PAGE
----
The role of athlete commissions in addressing sport-related human rights abuses: a case study of the Commonwealth Games Federation Athletes Advisory Commission
02 May 2022
Nottingham Trent University, Nottingham, UK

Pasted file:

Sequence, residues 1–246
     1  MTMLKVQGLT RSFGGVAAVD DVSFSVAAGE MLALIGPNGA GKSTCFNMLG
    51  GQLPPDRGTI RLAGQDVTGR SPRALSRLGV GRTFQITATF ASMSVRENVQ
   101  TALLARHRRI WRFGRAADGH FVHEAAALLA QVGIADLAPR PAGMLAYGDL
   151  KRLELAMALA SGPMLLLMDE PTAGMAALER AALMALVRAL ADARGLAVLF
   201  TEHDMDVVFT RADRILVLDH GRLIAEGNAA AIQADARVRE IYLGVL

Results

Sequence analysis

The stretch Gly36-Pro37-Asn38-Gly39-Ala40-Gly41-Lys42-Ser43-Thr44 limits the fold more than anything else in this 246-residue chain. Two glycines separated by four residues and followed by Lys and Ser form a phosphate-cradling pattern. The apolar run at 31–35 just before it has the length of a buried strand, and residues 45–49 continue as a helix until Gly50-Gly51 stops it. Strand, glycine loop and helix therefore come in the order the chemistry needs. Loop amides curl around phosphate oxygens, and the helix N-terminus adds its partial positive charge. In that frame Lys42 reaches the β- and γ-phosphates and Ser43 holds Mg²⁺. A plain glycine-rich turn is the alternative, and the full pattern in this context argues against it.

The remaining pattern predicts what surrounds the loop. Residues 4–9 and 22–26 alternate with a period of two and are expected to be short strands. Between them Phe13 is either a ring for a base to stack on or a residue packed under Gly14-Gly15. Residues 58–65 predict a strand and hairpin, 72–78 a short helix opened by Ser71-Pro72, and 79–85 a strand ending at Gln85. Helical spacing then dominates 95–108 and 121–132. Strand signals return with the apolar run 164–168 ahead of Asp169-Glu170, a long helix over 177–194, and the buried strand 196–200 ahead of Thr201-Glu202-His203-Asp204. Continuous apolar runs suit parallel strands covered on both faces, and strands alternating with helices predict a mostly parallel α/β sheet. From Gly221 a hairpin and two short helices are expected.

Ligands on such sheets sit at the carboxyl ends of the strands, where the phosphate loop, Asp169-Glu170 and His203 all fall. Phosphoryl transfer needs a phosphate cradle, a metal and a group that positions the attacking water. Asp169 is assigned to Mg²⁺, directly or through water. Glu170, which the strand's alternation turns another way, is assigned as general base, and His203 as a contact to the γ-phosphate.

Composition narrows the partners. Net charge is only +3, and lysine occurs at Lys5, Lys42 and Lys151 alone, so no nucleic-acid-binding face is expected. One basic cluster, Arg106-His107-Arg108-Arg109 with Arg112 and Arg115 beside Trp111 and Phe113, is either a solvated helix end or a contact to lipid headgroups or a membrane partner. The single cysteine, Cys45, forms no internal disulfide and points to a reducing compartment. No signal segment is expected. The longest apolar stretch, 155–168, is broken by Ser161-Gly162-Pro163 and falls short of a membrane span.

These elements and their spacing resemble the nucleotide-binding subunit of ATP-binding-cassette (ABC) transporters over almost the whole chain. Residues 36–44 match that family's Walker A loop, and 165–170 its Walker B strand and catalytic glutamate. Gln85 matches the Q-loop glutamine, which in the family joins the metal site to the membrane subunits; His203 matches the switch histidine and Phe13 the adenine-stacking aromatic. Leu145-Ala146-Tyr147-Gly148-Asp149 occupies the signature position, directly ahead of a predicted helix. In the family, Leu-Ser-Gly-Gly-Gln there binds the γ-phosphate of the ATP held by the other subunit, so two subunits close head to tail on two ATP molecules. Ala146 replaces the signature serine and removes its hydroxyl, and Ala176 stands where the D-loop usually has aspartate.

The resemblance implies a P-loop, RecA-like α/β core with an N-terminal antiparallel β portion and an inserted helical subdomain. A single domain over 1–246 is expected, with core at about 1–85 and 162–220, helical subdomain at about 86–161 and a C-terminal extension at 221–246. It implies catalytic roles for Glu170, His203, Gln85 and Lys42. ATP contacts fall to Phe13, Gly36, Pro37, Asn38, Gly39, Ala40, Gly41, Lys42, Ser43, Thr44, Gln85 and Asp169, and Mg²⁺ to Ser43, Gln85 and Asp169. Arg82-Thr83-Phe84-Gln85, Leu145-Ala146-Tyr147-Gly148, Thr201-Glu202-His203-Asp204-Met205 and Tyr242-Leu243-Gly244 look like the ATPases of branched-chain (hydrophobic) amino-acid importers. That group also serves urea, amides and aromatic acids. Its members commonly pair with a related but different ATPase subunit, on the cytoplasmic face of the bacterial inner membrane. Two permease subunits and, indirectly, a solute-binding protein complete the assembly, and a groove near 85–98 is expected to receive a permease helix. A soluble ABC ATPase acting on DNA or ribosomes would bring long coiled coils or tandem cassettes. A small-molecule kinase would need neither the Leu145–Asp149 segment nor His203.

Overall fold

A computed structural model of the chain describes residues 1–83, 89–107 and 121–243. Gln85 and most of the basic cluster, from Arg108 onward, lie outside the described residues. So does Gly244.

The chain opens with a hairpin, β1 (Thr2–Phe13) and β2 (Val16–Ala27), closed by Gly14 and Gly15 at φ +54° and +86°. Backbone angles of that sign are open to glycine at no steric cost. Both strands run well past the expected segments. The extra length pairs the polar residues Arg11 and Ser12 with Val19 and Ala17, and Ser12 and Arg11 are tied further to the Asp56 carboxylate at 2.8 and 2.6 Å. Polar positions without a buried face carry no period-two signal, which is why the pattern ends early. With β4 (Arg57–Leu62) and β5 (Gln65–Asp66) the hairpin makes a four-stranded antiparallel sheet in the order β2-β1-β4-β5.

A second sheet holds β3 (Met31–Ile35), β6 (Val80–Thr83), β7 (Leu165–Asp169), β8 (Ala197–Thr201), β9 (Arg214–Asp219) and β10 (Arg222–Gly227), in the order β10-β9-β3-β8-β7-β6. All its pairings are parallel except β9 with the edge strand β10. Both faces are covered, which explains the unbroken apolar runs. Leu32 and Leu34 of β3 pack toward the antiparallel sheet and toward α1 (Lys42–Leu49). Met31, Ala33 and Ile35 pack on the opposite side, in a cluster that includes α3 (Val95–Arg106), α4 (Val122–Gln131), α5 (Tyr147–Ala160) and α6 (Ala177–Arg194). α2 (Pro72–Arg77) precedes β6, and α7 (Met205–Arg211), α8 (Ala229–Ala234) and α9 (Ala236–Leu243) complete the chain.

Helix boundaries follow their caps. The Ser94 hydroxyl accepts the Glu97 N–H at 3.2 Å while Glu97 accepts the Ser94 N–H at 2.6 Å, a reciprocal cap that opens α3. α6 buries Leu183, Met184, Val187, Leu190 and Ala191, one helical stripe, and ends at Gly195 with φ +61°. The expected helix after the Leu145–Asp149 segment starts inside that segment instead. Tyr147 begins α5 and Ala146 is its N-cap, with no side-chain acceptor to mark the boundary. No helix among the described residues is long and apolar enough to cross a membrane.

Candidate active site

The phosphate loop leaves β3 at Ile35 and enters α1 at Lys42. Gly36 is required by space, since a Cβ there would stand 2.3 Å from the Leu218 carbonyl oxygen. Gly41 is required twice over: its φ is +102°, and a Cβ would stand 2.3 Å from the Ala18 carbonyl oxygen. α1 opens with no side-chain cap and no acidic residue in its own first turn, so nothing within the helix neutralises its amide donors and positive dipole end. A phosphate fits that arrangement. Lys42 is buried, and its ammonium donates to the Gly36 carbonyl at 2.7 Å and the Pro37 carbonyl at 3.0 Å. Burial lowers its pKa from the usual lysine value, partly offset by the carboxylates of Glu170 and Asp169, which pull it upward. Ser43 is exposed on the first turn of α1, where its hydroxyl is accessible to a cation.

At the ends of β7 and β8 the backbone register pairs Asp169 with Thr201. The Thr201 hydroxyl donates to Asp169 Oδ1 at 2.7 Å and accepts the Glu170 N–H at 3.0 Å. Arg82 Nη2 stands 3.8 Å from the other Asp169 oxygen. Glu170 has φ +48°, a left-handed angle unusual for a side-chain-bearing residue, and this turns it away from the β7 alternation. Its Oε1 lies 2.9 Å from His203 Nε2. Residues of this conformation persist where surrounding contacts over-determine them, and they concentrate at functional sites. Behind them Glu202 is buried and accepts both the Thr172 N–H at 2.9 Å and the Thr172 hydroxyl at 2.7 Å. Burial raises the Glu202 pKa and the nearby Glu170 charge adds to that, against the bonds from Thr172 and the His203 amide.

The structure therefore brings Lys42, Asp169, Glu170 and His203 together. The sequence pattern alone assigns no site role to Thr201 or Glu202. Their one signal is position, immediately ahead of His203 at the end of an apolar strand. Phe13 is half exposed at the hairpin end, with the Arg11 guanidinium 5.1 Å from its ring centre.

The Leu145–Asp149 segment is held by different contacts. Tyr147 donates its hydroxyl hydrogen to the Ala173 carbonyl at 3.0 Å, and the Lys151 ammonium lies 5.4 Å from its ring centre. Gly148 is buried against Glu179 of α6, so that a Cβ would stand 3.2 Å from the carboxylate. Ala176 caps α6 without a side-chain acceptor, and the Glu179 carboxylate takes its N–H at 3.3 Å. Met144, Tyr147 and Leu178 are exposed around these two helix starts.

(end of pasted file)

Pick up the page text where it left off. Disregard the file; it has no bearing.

Athlete commissions have an important role to play in addressing sport-related human rights abuses. This article will explore this by examining the Commonwealth Games Federation (CGF) which made constitutional changes and created its first athlete representation body in 2017—the CGF Athletes Advisory Commission (AAC). These governance and legal changes empowered athletes to be part of the CGF leadership. Under the new governance structure, the Chair of the AAC is a voting member of the CGF Executive Board. The AAC met for the first time in 2018. In 2020, they launched their strategy (CGF Media Release 13 May 2020. https://thecgf.com/news/cgf-athletes-advisory-commission-launch-new-strategy. Accessed 28 October 2021) which seeks to uphold and live the Commonwealth Sport values of humanity, equality and destiny. The strategy identifies the Commonwealth athletes as agents of change, advocates for integrity and ambassadors for respect, impartiality and non-discrimination. How realistic is this ambition? The CGF itself, Commonwealth Sports Ministers and Commonwealth Member Countries have all adopted zero tolerance policies towards human rights violations (See The Commonwealth Consensus Statement on Promoting Human Rights in and through Sport 27 October 2020. https://thecommonwealth.org/sites/default/files/inline/CW%20Consensus%20Statement-ADOPTED%20v2.pdf. Accessed 28 October 2021 and The CGF Transformation 2022 Refresh 3 September 2019 Page 31. https://thecgf.com/sites/default/files/2019-10/CGF_TRANSFORMATION%2022_BROCHURE_FINAL_16-08-19_LOW%20RES.pdf. Accessed 28 October 2021). The authors will speak to the current Chair of the AAC and the previous Chair of the AAC to ask some pertinent questions around what impact the 2020 AAC strategy can have in safeguarding participants from sport related human rights abuses. The interview will explore policy change, governance reforms and long terms strategies which can maximize the role of athletes in protecting, respecting and fulfilling the human rights of not just athletes but all involved in the delivery of the Commonwealth Sport movement.